While Bryant helped fill in some information holes with research and data, Jill and Ronna continued to edit the film. When the first rough cut of the film was ready, Bryant offered to do a test screening in his undergraduate class and give feedback over Skype. Jill and Ronna found the feedback very useful.  They started implementing the recommendations and offered Bryant a co-producer credit on the film. (Fun fact: Actress Rashida Jones is also a producer on the film!)

Rashida Jones on the very popular show, The Office. More recently she has starred in the show Parks & Recreation (also hilarious and popular).

Rashida Jones on the very popular show, The Office. More recently she has starred in the show Parks & Recreation (also hilarious and popular).

Having seen a short clip of the film myself, I have to say that in true independent docu-film style it both tugs at your heart and makes you think deeper. It adds another layer to the cultural conversation of pornography by showing both pros and cons. Bryant in fact commended Jill and Ronna for their unbiased stance. “They really are objective. They are not anti-porn but they are not pro-porn either, they were just reporting on this topic … It’s actually amazing to me how objective they have remained through all of this.”  According to Bryant, the film not only shows the dark side of the porn industry but also shows that not all of it is bad – some people even make a career in it.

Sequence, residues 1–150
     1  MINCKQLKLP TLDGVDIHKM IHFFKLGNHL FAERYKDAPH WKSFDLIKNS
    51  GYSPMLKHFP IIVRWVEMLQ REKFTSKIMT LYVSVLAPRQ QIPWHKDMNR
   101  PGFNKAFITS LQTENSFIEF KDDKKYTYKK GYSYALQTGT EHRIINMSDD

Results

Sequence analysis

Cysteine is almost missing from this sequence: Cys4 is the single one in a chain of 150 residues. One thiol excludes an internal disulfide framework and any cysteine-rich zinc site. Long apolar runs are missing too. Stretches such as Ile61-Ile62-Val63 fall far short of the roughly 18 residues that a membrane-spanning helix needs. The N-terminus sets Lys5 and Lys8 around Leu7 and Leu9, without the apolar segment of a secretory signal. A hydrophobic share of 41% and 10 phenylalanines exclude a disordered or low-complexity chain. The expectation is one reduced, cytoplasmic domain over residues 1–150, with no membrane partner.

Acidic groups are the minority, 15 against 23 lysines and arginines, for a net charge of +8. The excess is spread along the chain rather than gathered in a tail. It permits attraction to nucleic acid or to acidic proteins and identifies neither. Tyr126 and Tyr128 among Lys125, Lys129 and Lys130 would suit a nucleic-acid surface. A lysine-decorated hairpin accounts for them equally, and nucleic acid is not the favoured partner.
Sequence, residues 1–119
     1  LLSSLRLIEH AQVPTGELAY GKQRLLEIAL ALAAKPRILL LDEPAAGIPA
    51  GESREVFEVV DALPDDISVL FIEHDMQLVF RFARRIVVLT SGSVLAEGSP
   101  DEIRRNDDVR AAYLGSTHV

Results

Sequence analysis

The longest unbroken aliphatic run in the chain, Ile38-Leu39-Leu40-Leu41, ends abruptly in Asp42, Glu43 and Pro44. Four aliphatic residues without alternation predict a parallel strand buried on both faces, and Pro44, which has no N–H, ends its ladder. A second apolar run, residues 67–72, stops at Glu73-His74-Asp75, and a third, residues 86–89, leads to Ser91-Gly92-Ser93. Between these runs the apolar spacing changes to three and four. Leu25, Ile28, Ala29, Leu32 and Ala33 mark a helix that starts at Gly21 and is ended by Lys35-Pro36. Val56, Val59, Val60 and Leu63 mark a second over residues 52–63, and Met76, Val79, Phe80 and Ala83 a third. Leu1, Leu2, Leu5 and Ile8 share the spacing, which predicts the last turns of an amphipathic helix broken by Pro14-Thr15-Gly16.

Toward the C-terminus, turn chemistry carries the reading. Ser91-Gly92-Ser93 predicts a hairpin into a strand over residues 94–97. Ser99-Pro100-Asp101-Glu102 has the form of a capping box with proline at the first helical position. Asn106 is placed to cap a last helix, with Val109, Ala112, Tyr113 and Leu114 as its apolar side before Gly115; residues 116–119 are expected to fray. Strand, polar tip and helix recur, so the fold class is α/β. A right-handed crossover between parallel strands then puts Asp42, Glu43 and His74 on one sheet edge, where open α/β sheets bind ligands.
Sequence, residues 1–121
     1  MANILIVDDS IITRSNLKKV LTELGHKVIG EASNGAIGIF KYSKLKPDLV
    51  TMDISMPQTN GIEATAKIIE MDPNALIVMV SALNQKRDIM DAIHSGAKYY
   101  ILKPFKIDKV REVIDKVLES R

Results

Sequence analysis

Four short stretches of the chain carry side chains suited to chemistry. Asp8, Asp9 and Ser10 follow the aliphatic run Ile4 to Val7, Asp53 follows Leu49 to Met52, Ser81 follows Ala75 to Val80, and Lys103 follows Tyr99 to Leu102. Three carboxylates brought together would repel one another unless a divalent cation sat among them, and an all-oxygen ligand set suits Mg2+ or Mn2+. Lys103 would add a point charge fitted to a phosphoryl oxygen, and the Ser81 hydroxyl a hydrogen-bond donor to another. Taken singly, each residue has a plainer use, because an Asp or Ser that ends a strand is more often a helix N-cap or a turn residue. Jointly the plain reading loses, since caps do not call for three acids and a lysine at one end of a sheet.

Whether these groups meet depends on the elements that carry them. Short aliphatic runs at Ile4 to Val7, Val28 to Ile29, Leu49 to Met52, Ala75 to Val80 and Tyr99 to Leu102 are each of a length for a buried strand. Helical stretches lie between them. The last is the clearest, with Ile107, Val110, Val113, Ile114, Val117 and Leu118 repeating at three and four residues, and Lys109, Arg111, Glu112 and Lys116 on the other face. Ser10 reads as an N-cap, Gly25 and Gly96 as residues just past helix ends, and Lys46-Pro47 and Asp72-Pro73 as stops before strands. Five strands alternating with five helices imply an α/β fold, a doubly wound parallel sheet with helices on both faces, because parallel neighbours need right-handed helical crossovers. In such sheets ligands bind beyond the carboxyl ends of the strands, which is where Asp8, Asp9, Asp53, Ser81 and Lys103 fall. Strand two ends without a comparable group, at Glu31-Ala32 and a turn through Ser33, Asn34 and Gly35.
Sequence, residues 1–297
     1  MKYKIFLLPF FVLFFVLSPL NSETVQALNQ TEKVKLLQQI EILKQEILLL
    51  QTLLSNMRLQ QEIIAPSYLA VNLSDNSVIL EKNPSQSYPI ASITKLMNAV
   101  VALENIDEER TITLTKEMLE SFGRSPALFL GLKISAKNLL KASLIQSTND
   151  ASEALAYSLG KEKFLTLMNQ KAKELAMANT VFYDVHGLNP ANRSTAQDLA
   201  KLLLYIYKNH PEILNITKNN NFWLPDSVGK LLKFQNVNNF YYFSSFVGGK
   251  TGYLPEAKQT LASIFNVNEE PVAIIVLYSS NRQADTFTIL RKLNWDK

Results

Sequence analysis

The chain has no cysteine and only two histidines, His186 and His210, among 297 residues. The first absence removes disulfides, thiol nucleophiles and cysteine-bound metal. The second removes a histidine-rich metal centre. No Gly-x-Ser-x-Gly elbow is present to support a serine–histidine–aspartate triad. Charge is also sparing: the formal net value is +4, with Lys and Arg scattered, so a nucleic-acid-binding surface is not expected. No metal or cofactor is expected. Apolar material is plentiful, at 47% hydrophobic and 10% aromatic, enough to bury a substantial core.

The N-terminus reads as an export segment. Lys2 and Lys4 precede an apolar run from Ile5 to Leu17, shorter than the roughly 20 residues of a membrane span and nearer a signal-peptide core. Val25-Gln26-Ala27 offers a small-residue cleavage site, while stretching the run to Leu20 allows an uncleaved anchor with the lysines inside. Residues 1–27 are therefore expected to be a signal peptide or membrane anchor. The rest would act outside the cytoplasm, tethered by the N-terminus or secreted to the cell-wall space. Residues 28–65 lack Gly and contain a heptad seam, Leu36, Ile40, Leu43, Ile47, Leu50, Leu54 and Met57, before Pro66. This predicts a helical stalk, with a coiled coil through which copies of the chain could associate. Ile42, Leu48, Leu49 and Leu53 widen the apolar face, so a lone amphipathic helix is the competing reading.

The film is now in the final stages of editing.  Last Monday (December 1) Bryant organized another screening and Skype meeting with graduate students and a few professors. Shortly after the screening, the directors and everyone else working on the film got a huge surprise – they heard that their film had been accepted for the Sundance Film Festival! Of the 12,166 submissions to the 2015 Sundance Film Festival, only 118 were selected and “Hot Girls Wanted” was among them. (In case you’re wondering, that is about 1% acceptance rate.)

hot girls wanted

If you’re interested in learning more about “Hot Girls Wanted,” here is their website. Fear not, this link/website is SFW (safe for work). I can’t say the same for the Google searches though … (That was a naïve mistake on my part.) They currently don’t have a video trailer for the film on the website yet, but now that they have been accepted to Sundance it should be forthcoming.

Chief Economist, David Waterman

By Mona Malacane

Retired life has been pretty exciting for David Waterman. On November 13 Federal Communications Commission’s Chairman Wheeler announced David’s appointment as FCC’s Chief Economist.